The story of Petit’s epic crossing was recently made into a film, The Walk. My favorite moment was when he took the first step out onto the cable, holding a 55 lbs. bar, with a bloody foot and the century’s most profound example of concentration. His greatest concern? His signature black turtleneck blew away when he was changing at the top of the towers. How is that for perspective?
After Petit takes his first step, he freezes when a bank of fog rolls in and obstructs his view of the opposite tower. He has made his move and there is no cowering or turning back, but the end point is now shrouded, unseen. As business women, we certainly arrive at that point, too. What we once so clearly saw in our imagination, the vikalpa of ideation, can suddenly become lost in the unknown reality. We have two choices in that moment: we can begin to doubt ourselves, or we can muster up the cajones to keep moving forward.
At 110 stories high, Petit didn’t have the luxury of self-doubt, nor could he afford to lose his focus. We have all been in a crisis situation that causes us to pause. When that happens, we must breathe, and allow moments to gather ourselves, assess, and possibly reassess. To move forward again, we inevitably must take another step; and when that step is done, we take another, and so on.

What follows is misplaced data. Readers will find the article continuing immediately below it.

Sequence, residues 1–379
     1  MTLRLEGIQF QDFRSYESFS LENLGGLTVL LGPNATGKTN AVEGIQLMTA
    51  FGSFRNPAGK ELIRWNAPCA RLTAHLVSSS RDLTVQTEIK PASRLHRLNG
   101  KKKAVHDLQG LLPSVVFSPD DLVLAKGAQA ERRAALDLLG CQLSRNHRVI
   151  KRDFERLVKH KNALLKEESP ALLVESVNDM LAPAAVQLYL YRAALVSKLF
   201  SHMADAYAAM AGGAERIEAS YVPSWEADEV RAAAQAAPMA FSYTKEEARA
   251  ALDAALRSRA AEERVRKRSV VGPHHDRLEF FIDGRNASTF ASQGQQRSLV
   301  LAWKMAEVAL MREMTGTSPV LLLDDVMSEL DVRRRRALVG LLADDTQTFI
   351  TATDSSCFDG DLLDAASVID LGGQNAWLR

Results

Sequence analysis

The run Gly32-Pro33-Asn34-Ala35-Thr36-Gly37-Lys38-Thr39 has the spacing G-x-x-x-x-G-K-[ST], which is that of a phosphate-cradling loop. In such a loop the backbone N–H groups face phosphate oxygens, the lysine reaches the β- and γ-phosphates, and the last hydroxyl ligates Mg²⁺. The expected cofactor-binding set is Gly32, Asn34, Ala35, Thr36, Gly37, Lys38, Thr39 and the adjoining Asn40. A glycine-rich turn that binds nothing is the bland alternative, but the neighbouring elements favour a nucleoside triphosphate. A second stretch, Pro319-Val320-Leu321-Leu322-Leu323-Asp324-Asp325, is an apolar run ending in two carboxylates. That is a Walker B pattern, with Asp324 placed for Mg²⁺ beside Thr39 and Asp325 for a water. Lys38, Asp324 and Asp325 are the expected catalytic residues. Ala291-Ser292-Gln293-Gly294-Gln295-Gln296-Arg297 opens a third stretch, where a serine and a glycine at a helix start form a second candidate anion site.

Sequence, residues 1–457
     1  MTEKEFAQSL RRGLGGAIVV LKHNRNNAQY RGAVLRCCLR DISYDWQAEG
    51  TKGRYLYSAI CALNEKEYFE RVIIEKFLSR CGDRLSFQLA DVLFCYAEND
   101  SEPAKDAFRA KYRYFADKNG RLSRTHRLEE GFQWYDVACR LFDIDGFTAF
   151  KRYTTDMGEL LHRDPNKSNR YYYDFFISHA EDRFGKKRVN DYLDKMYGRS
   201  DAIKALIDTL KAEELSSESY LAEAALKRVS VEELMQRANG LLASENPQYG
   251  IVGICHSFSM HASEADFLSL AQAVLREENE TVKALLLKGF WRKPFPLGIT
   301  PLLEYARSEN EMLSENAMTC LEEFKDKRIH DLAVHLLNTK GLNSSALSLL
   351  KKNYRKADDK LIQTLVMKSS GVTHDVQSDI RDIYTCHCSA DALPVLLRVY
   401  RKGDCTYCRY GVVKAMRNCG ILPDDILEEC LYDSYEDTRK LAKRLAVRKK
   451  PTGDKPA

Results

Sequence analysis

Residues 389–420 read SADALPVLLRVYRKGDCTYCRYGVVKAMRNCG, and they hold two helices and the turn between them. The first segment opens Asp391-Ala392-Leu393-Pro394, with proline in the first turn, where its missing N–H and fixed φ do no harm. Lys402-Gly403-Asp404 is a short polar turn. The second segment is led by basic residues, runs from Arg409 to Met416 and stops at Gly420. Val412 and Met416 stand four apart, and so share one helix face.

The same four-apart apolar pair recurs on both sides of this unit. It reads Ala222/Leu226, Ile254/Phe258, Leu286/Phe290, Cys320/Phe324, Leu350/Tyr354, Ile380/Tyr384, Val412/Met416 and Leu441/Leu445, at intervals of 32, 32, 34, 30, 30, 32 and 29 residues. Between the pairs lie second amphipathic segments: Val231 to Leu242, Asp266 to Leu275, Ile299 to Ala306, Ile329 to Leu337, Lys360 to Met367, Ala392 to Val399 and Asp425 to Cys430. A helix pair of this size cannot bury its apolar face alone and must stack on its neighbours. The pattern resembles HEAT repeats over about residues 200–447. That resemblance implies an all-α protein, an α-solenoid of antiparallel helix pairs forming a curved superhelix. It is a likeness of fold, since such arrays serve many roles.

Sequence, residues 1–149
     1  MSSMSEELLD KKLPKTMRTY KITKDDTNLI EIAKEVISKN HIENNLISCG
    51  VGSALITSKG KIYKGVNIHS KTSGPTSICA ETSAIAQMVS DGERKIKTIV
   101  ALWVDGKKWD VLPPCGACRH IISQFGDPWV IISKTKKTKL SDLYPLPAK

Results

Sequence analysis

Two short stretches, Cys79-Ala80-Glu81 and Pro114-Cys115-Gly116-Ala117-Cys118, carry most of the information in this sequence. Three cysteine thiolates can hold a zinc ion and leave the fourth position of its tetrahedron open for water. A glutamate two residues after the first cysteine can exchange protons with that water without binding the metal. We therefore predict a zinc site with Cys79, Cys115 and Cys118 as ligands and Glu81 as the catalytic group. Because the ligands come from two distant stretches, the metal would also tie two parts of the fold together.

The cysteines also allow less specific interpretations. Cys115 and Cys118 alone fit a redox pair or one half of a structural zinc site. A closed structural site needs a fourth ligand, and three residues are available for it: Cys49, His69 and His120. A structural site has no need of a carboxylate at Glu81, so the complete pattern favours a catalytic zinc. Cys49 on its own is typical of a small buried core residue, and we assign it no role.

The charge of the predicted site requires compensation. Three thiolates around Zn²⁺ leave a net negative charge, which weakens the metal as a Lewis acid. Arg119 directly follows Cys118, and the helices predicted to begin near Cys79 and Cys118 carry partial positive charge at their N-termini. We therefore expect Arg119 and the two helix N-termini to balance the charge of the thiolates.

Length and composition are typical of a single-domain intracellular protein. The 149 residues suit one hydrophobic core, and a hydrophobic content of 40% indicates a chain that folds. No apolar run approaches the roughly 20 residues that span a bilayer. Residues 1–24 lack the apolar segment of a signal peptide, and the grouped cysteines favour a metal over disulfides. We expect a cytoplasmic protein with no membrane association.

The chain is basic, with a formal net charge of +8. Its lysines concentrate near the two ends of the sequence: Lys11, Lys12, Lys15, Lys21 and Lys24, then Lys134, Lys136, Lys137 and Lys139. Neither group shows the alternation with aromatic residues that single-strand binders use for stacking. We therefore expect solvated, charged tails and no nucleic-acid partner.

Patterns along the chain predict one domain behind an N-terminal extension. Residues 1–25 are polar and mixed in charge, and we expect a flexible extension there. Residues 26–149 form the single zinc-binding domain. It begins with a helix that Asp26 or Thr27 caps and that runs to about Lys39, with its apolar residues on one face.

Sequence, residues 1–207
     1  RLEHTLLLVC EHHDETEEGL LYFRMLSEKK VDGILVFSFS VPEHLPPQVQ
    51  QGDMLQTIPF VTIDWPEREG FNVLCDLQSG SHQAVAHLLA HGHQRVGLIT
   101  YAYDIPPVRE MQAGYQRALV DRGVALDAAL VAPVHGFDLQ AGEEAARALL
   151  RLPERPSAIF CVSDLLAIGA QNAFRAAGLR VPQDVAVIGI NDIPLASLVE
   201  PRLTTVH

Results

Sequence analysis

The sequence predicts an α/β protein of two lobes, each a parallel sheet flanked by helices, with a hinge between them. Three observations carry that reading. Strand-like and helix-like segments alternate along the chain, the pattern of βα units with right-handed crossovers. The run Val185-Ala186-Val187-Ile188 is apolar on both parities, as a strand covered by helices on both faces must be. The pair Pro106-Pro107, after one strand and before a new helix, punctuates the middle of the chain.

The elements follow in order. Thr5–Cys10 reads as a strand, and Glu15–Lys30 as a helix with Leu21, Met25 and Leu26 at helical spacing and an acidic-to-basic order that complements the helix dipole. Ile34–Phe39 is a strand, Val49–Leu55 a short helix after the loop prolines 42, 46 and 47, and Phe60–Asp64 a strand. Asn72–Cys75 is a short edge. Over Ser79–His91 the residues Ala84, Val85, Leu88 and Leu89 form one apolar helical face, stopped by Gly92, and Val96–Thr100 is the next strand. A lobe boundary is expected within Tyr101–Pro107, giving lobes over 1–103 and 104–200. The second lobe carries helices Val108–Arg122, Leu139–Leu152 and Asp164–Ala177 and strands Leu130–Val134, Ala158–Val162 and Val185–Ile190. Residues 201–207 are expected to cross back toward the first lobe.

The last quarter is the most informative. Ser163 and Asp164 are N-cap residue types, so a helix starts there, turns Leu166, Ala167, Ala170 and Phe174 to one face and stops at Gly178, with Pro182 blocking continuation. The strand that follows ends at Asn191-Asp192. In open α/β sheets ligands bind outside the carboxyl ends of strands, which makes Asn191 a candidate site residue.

Find Your Peace
The Walk shows us that it isn’t enough to just cross once; the journey is a continuous cycle of deeper learning, acceptance and resolution.
Petit first walked just to prove he could pull off le coup. That would have been enough for many, but Petit saw the flaws in his design when he took that first walk. He turned because he felt the other tower calling him back. With each traverse, he gained ease, more confidence, and felt a greater trust in the process. He kneeled and acknowledged the wire, the sky, and the beauty of the towers. Although he was harassed by policemen on either side (the voices of reason and conformity, the bane to dreamers and artists), he kept walking, jumping and turning in direct defiance of authority.
Just kicking back. Every great endeavor requires a moment to pause and acknowledge the lessons and blessings around you, expressing your gratitude for being fully present in the moment and in who you are.
As a dreamer, Petit also knew surrender. He understood his sense of place. With each walk, he settled deeper into the uncertainty, or what he called ‘the void.’ When at last he laid down across the wire and stared up into the heavens, resigned and no longer scared, he began to simply marvel at it all. At that moment, like Buddha under the Bodhi tree, Petit found his peace.
Sometimes I feel like a woman on the wire, but without the high-wire and bloody foot. I have faced the void, and have seen clarity of vision become shrouded by the heavy clouds of doubt. But, I also know that the clouds are external and constantly moving, as all things are.
We can all find that feeling of being laid out peacefully on the wire, suspended impossibly high above the ground, knowing that change is the one thing we must acknowledge and cannot control. I hope we all have our moment on the wire, when we understand completely the energy that resides in each of us. This energy lures us out of our comfort zone, confronts us with our greatest fears or wildest fantasies, and keeps us walking one step at a time.